@array = ("1", "two", "3"); 
($first, $second, $third) = @array;
Like scalars, arrays can be printed and interpolated into strings. Note that as in our first example above, an array need not contain scalars of the same type. This is an especially useful property when interpolating one array into another, an operation which simply inserts each of the elements of an array into another array:
@newarray = (0, @array, 4); 

# @newarray now contains (0, "1", "two", 3, 4)
Individual elements of an array can be accessed by their indices, which as in C, normally start at zero (although unlike C, the starting index can be altered). Also like C and many other programming languages, square brackets are used to specify the index:
$first = $array[0]; 

# $first is the first item in the $array array: "1"
A potentially confusing aspect of array elements is that since they are themselves scalar the character that precedes the variable name and signifies its type is $, not @. This anomaly sets up the rather confusing situation in which one can have a scalar variable $array which has no relationship to the value of $array[0], a scalar that represents the first element of the array @array.

The highest idnex (the one which specifies the last element) of an array named @array is given by $#array, while the size of the array (generally one larger) is the scalar value of the array. These also work backwards; assigning a number to the highest index changes its size:

$last = $array[$#array]; # $#array is 2; $last is 3
$scalar = @array;        # $scalar is 3 (number of elements in @array) 
$#array = 1;             # @array is now ("1", "two"); 
Perl provides enormous built-in support for arrays, making them very handy data types. We've only begun to scratch the surface of all of the ways in which Perl arrays can be used; for example the language provides a number of special functions such as shift, unshift, push, pop, and splice to manipulate array contents conveniently and efficiently. More information about these can be found in the Perl reference manual (which comes with the language, type man perlfunc at the command prompt) or in the recommended books about Perl.

Perl Variables Part III: Associative Arrays

Associative arrays are like normal arrays; however, rather than being indexed by numbers, they're indexed by strings. Thus, while a standard array will limit you to looking up entry 3, with an associative array you can use "3.141519", "pi", or even

"the whole kit and caboodle"
or any other string. Programmers experienced in C may wonder what use such an array is; programmers experienced in Perl may wonder how C programmers can program at all without them. As we have seen already, associative arrays are used extensively in processing CGI information.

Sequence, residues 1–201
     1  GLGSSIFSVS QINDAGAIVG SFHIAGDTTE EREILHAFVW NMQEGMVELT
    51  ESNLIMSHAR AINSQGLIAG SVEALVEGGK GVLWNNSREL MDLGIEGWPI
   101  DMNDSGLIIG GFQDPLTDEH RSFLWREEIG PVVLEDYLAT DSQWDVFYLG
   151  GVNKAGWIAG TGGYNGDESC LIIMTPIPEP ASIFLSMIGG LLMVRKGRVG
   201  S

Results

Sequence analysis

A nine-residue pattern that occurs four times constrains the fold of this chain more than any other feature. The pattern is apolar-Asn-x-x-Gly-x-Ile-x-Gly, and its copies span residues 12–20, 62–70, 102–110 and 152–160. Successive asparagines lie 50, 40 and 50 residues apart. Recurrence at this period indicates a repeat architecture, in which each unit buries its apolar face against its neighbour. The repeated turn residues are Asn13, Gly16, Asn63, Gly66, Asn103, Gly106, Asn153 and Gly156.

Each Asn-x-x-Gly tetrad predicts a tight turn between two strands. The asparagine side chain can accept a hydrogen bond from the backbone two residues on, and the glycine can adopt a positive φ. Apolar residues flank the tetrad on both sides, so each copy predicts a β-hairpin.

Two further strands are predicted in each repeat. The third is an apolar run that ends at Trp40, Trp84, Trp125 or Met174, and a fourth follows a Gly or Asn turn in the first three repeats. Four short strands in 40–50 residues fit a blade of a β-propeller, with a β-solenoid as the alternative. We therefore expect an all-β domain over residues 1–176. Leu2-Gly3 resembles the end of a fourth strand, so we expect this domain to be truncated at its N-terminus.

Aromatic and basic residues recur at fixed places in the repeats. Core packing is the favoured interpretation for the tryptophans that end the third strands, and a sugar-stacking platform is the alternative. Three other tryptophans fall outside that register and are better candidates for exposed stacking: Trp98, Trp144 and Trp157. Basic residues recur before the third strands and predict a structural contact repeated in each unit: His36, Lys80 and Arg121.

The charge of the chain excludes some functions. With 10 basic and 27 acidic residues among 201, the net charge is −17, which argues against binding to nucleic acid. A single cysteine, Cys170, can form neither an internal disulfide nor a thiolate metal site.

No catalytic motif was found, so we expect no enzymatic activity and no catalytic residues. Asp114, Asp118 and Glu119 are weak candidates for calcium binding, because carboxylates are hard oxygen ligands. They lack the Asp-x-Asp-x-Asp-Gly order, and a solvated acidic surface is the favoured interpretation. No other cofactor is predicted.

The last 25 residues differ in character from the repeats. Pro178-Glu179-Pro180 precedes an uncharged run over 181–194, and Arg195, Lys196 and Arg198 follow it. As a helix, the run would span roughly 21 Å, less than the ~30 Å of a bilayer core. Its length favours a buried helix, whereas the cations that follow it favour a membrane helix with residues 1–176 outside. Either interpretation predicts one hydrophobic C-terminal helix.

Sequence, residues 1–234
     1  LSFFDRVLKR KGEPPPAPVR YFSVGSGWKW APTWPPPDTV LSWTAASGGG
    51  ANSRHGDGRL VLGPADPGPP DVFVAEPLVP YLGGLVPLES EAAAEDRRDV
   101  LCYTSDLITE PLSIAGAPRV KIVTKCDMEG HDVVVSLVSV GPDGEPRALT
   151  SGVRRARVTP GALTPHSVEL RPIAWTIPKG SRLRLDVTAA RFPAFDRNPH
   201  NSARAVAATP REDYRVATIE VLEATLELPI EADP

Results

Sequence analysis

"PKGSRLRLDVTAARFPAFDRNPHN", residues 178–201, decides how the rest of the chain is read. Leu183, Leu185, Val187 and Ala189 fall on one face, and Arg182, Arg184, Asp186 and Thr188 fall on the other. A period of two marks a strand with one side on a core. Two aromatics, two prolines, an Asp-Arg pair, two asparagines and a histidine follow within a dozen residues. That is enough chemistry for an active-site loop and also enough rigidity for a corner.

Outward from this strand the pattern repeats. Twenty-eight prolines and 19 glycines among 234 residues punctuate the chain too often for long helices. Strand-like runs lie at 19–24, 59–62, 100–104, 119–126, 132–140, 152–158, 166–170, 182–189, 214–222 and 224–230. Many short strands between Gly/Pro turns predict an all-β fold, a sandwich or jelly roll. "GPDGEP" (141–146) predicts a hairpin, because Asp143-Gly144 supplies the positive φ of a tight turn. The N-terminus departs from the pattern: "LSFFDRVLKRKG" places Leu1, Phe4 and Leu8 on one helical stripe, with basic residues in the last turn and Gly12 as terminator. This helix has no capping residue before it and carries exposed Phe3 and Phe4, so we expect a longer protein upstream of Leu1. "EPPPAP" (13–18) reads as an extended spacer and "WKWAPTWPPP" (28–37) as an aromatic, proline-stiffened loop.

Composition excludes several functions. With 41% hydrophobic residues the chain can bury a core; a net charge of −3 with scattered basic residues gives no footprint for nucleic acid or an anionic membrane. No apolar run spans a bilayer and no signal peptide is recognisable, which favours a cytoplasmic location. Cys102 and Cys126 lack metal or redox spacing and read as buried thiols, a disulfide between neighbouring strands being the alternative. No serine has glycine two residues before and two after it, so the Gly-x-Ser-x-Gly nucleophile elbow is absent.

Like scalars and ordinary arrays, associative arrays are indicated by a special character, in this case a percent sign: (%). And, as with arrays, each of the elements of an associative array is a scalar. However, in order to differentiate elements of associative arrays from those of normal ones, curly braces, rather than square brackets, are used to enclose the index:

$myassociativearray{'index'} = "myvalue";
Associative arrays are useful for establishing a relationship between two strings. In this usage, the string that is used as an index is called the "key", and the one used as the value, the "value". In an address book, for example, the names are the keys and the addresses are the values:
$addresses{'John Smith'} = "1234 Main Street"; 
$addresses{'Mary Doe'} = "115 Central Avenue"; 
A single entry in an associative array is often called a key/value or name/value pair. Like any other string, the array indices are case sensitive; they can also contain spaces and even nonprinting characters. Thus, associative arrays can be used to mimic multidimensional arrays:

$two_d{'2,3'} = "I'm element 2,3!"; 
Note, however, that since these array indices are really strings, they are sensitive to whitespace (e.g., an index or key of '2, 3' is not the same as '2,3').

It is possible to assign associative arrays to ordinary arrays and viceversa. The ordinary array represents the name/value pairs as sequential entries:

@ary = %myassociativearray; # @ary is ("myindex", "myvalue");
When a list is assigned to an associative array, the reverse occurs:
@humps_list = ("dromedary", 1, "bactrian", 2, "camel", "1 or 2");
%humps = @humps_list;
$dromedary = $humps{"dromedary"}; #dromedary is 1 
Like other scalars, the individual elements of an array can be interpolated within double quoted strings:
print "A camel has $humps{'camel'} hump(s)\n";